A program called "WIC" (Women, Infants, Children) supplied my daughter and I with milk, juices, cheese and cereals. <br />
<br />
My daughter and I had a bed with sheets and blankets to sleep in, hot and cold water, a old B&W TV that worked, a car to drive and a nice basement apartment with cheap rent, that we called home. We were happy and that is what counted!!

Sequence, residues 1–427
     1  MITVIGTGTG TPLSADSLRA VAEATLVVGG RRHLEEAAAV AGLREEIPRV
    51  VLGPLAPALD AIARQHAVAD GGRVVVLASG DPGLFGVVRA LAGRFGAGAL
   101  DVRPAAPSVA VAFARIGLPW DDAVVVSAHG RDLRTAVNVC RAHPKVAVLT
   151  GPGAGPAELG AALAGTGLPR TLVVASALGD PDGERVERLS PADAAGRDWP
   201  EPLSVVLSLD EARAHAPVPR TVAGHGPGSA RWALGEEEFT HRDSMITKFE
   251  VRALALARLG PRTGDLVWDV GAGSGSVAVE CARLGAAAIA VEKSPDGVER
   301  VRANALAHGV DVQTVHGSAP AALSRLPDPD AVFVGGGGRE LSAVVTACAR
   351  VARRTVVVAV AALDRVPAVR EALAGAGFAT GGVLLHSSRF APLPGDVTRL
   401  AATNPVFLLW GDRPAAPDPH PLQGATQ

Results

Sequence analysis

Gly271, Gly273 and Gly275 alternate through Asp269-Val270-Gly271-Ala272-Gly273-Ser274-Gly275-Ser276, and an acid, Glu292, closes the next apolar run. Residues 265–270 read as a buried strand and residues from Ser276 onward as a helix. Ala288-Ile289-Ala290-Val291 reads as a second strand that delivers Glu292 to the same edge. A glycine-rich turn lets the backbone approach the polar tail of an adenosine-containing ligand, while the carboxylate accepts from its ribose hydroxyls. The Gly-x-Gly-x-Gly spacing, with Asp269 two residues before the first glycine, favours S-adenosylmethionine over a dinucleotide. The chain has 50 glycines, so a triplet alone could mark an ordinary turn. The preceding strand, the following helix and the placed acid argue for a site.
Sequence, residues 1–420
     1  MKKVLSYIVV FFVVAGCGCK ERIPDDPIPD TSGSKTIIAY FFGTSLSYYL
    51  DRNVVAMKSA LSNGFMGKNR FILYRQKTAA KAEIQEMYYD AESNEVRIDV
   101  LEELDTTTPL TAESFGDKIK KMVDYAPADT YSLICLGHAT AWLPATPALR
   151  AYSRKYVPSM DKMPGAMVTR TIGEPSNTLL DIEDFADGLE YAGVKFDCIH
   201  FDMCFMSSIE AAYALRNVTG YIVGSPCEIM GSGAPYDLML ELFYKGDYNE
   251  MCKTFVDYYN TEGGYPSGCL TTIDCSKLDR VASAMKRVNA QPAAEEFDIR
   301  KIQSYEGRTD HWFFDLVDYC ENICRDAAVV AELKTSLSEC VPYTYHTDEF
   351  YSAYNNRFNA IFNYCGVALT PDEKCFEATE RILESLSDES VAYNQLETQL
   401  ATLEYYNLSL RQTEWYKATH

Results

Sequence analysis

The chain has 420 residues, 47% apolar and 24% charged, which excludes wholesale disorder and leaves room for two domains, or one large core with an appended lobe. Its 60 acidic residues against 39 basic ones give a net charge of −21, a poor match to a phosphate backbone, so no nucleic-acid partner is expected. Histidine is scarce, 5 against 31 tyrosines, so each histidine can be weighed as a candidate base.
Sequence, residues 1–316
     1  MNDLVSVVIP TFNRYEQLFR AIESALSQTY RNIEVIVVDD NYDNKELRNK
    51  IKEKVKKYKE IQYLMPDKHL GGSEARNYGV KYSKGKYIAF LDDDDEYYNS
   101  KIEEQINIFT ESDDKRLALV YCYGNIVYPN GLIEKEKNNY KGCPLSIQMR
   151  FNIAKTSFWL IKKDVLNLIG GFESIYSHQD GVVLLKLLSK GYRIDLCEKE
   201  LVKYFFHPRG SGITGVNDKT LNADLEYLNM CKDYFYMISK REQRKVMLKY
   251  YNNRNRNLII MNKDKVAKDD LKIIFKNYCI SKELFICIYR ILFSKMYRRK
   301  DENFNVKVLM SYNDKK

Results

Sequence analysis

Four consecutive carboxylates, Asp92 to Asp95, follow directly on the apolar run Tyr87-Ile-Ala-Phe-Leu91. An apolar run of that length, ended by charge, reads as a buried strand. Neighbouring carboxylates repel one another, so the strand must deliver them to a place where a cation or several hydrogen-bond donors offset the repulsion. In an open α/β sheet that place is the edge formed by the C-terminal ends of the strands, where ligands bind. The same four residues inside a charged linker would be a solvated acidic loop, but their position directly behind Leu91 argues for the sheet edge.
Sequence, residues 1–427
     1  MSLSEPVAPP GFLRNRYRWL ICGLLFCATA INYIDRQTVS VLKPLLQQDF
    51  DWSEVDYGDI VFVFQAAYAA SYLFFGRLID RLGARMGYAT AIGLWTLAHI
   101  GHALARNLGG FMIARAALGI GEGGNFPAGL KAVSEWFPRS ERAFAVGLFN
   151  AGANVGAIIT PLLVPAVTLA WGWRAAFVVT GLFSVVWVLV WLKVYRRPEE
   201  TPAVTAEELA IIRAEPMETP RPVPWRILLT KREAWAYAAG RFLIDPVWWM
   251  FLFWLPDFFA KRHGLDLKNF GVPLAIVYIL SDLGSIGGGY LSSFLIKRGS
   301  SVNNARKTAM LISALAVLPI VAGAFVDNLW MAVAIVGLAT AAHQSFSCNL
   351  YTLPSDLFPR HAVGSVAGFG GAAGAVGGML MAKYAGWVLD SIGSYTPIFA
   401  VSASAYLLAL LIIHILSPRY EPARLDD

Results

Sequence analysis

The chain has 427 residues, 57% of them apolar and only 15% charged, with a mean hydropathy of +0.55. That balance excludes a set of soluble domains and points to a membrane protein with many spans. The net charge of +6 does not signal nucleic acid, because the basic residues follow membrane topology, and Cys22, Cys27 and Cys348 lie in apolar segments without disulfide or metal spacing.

I grew up in a lower middle class family and my father worked hard. We never went hungry or wanted for anything. We weren't rich but we got by. I knew poverty in my teens when I met a girl I was serious with and we decided to move in together. Actually we had planned to get married but my wife was at the age where she needed consent and her mom nixed the idea. It was the early 70's and "living together" was more than frowned upon. I had only begun working and was fresh out of high school. We rented an attic apt. in a city and we had nothing. We slept on an old mattress on the floor and the rest of the furnishings we scrounged from the garbage. There wasn't a working fridge in the apt., so we had to keep perishables like milk on the ledge outside the window. (oh, this only worked in the winter). When we wanted to know what time it was, we looked out the window at the bank clock down the street. The place had bad wiring so we were unable to use an air conditioner and there was never enough hot water coming up to heat the radiators so you roasted or froze depending on the season. We had no phone except one that I had tapped into my neighbors line and only could dial out. (When he wasn't home) Things came slowly and now we have all of those luxuries. I commented to my wife that we were always poor and now the rest of the world has caught up to us. Funny thing is we were happy back then and just rolled with the punches. Going through such privations bound us together into an unbreakable bond that has endured for more than thirty five years. I pass the old building at times, the neighborhood went down the drain and I cant imagine living there now. I still look up at the attic windows when I am sitting at the red light and the memories come flooding back. When I told a co-worker the story he was calling me "Gilligan" ... as in no phone, no lights, etc. I have told my wife over the years that if there is an afterlife I will be there living in the place where I was happiest. Hello to all my friends here on EP.